3 Financial Considerations For Couples Going Through A Divorce
Divorce is an emotionally turbulent experience. Getting expert financial advice, before the settlement, can be an anchor in a trying time.
Published: Sunday, May 14th 2017
Whether it’s based on historic roles and responsibilities, or plain old genetics, it’s clear that men and women manage their money differently. So, in the unfortunate case of divorce, what should each, or both parties, be considering regarding their finances?
Financial Advice For Couples Going Through Divorce
Personal finances are already a touchy subject. Add to that the pain of divorce and you’ve got a minefield to navigate. In South Africa, more than one in three marriages will end in a formal divorce. That is a lot of people having to split their finances, their homes, etc. Collectively, it’s called splitting the marital estate. And, you would not have known that had you not sought the appropriate help.
Americans and Australians are advised to consult a specialised divorce financial planner. But, in South Africa, all financial advisors should be well versed in divorce proceedings. There are a number of financial implications of divorce that are often overlooked, misunderstood, or underestimated by one or both parties. That’s why it is important to take every consideration to give your finances, and your post divorce life, due diligence with the help of your financial adviser.
3 Financial Considerations To Make Before The Divorce Order
1. Consult Your Financial Adviser Before Your Divorce Attorney
Former financial planner at Citadel Wealth Management, Nicky Gous, said in an article on the subject that couples often only consult financial planners after the legal process of a couple’s divorce settlement has been concluded. She said that, although divorce is likely to alter your financial as well as your emotional state, having a financial expert at your side can offer a real sense of financial stability.
“Proper planning, and a coherent strategy, can provide you with an immediate sense of accomplishment that will have a positive impact on everything else,” says Gous.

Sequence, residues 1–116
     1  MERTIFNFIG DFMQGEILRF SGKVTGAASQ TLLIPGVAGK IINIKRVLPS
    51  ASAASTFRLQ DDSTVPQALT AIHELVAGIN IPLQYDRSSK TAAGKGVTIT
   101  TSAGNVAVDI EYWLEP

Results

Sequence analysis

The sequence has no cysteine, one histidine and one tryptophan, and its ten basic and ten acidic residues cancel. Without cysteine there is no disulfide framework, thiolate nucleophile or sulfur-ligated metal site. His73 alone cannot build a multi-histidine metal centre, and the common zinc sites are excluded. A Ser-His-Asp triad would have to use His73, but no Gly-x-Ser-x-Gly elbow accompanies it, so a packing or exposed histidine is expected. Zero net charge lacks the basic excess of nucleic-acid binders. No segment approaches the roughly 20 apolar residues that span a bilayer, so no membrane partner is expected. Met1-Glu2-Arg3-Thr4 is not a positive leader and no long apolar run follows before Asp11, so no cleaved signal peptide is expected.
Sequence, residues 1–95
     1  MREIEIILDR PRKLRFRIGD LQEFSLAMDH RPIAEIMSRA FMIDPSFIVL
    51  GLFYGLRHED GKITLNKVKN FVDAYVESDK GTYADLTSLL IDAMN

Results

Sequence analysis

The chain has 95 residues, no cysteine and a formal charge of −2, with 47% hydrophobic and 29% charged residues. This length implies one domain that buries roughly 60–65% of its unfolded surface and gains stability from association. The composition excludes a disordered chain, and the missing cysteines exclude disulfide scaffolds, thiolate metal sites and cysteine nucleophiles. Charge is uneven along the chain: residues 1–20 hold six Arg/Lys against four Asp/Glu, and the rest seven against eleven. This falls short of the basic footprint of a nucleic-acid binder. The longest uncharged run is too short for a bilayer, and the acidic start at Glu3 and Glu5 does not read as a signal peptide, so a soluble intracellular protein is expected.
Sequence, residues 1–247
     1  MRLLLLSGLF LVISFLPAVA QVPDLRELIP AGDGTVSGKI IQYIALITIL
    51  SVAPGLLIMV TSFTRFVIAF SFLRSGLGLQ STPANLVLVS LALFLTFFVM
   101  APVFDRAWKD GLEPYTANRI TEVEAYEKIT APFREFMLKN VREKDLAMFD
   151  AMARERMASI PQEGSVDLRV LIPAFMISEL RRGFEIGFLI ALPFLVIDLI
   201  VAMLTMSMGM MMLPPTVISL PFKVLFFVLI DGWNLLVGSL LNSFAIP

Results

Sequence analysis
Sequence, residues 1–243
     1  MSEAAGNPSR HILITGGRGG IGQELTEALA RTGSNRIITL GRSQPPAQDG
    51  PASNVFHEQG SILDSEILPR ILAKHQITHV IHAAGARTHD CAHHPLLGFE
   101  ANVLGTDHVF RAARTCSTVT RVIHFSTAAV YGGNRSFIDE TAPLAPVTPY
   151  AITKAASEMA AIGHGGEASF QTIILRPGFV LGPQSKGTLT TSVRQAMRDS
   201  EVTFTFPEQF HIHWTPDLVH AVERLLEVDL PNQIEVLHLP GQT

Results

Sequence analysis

He adds that a financial planner can help you determine your post-divorce costs before you start to negotiate the divorce settlement.
Your financial adviser will help you draw up all of your assets and liabilities. Including your pension or retirement provisions. They will then split it according to the chosen marital regime (i.e.: community of property, ANC, etc.).
2. Get Your Own Financial Adviser
Legal adviser at Sanlam Trust, Clive Hill, says that it’s important both parties have their own financial advisers and attorneys. He describes having two specialists who, together, can devise the best possible divorce settlement, as “invaluable”.
CLICK BELOW to read about 5 questions you should ask your financial advisor before deciding on them.
3. Don’t Take The Budget Set By A Financial Adviser For Granted
Independent financial planner and 2015 Financial Planner of the Year, Wouter Fourie, says spouses often do not fully comprehend the financial implications of divorce.
Once you know what assets you will receive, or have to give up, in terms of the divorce order, your marital regime, and your maintenance obligations, you will have to rework your budget and re-organise your finances.
Fourie says a financial planner can help you to work out a cash flow and a budget. And, Gous adds, that he or she can take you through a variety of scenarios to provide you with an insight into what different settlement terms will mean in the long term. This includes scenarios where maintenance orders are not honoured post settlement.